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Humanistic and Biological Factors

In: Philosophy and Psychology

Submitted By klspencer97
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Humanistic and biological factors in personality development can bring new ideas to light. Abraham
Maslow was one of these theorists that understood the importance to personality and notice a unique aspect. He was able to introduce his theory as Maslow’s hierarchy of needs. Explaining how each step relies on each other to progress. Another important factor is the biological impact it may have from day one. These biological factors can also share similarities to the hierarchy of needs. The last theory is from a humanistic point of view and how it has a different opinion in comparison to biological factors. While some theorist has logical features for their theories, each person is unique in their own way with their personality.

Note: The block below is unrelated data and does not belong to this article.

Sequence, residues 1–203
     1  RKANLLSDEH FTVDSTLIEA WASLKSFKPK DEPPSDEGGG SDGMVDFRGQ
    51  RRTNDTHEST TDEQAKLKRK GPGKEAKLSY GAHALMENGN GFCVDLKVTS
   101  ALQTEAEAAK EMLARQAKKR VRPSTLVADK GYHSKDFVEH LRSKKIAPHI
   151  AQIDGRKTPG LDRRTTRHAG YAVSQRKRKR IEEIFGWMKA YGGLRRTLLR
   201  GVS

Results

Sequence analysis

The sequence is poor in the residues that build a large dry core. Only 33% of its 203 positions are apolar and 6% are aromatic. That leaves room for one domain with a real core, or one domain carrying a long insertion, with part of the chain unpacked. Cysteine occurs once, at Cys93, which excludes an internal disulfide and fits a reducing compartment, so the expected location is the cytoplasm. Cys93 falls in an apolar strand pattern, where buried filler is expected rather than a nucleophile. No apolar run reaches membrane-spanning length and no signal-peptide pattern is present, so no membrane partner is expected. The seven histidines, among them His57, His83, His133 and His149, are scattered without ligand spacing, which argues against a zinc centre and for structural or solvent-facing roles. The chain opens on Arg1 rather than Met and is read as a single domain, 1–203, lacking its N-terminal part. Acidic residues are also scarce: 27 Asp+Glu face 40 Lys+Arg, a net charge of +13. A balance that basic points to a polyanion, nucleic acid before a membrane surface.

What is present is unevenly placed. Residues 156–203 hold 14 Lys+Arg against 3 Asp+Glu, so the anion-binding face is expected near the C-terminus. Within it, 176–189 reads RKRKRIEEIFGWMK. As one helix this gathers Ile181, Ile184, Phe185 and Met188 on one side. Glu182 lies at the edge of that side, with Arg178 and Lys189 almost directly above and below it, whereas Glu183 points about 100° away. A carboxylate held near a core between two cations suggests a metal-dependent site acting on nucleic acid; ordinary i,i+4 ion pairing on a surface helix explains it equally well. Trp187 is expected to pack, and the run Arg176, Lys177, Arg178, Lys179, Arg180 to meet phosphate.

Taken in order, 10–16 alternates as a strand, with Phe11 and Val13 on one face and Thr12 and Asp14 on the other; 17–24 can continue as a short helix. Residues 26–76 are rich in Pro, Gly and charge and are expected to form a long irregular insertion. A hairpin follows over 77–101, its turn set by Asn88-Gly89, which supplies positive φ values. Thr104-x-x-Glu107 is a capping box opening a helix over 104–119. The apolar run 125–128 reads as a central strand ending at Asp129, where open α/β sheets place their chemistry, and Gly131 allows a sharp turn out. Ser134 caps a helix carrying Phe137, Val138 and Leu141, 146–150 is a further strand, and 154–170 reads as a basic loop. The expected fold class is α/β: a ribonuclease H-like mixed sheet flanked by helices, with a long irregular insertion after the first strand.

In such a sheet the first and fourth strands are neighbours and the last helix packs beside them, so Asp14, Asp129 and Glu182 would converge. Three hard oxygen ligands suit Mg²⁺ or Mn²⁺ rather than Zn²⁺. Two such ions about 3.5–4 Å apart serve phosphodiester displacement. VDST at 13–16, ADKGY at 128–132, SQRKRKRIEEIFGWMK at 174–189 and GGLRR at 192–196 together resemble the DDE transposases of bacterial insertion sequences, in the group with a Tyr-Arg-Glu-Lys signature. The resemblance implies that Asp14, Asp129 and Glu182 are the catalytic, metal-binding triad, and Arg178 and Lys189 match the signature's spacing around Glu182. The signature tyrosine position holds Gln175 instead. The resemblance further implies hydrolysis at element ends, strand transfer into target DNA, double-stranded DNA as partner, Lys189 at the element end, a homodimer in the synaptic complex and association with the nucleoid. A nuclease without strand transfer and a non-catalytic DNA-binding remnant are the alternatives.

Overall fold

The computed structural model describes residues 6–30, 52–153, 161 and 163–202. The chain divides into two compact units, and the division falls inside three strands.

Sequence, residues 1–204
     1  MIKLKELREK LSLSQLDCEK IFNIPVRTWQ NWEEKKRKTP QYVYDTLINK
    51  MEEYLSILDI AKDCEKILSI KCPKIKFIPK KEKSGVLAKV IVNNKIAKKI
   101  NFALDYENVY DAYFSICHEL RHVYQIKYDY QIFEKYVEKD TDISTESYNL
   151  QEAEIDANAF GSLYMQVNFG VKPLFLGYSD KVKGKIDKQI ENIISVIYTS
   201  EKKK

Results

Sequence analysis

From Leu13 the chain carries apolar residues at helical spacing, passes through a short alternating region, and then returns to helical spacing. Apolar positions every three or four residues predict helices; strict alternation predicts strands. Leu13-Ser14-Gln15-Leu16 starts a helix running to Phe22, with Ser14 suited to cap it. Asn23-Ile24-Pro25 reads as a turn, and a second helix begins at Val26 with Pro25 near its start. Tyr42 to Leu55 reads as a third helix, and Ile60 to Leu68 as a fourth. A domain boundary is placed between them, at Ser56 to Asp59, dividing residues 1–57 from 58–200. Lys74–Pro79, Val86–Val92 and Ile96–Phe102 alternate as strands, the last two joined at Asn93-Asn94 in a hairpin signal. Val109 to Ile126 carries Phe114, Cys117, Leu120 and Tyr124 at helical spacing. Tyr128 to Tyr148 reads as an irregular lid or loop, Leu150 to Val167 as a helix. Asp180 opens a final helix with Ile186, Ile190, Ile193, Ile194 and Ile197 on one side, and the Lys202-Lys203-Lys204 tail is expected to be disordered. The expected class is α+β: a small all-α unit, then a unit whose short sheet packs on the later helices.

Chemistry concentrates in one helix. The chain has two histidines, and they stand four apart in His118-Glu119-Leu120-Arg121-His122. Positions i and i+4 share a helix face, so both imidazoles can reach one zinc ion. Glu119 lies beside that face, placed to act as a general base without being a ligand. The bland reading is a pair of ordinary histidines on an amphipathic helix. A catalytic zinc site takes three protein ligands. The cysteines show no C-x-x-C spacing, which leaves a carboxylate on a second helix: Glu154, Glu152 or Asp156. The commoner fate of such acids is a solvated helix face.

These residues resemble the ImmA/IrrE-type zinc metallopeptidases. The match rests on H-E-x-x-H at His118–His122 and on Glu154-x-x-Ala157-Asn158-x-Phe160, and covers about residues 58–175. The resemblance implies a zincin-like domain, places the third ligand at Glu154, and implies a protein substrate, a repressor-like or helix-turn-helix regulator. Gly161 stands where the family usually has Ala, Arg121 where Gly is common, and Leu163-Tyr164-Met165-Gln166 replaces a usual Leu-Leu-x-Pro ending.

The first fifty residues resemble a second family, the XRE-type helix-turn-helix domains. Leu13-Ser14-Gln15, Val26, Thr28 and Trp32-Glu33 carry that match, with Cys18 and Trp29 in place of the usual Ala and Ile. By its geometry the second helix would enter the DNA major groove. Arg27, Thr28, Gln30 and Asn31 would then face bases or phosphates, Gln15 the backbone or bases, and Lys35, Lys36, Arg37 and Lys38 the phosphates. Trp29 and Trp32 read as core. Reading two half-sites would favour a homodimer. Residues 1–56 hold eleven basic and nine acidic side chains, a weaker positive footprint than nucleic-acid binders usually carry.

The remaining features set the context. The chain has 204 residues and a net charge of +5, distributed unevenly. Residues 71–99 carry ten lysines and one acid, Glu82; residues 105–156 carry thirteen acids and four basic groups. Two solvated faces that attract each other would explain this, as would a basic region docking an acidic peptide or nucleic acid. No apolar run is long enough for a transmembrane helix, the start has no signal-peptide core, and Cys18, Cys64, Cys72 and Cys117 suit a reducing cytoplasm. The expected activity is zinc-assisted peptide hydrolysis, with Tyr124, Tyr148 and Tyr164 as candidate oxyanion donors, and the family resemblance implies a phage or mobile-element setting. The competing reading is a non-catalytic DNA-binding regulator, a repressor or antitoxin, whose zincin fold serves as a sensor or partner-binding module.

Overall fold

The physiological needs are linked to the basic survival needs. These needs consist of breathing oxygen, maintaining a steady warm body temperature, and the intake of water and food containing nutrients. Humans will utilize the basic survival needs to pursue their physical needs such as exercise, sleep, and disposing of bodily waste. Some physiological needs are normally recognized in examples such as breakfast, lunch, and dinner. Once these urges are fulfilled and no longer holding any influences towards human behaviors or thoughts, the next step of safety needs can be reached. This theory is based around the need for protection or safekeeping. This need is developed in situations that can involve medical emergencies, fires, steady employment, and other characteristics that affect a person’s security. The following step involves belongingness and love needs. This step is not as important to survival as the previous steps, but shares a social aspect. People use this stage to form relationships with others such as friendship, and romantic connections that assist with the need for acceptance and companionship. Esteem needs can only be…...

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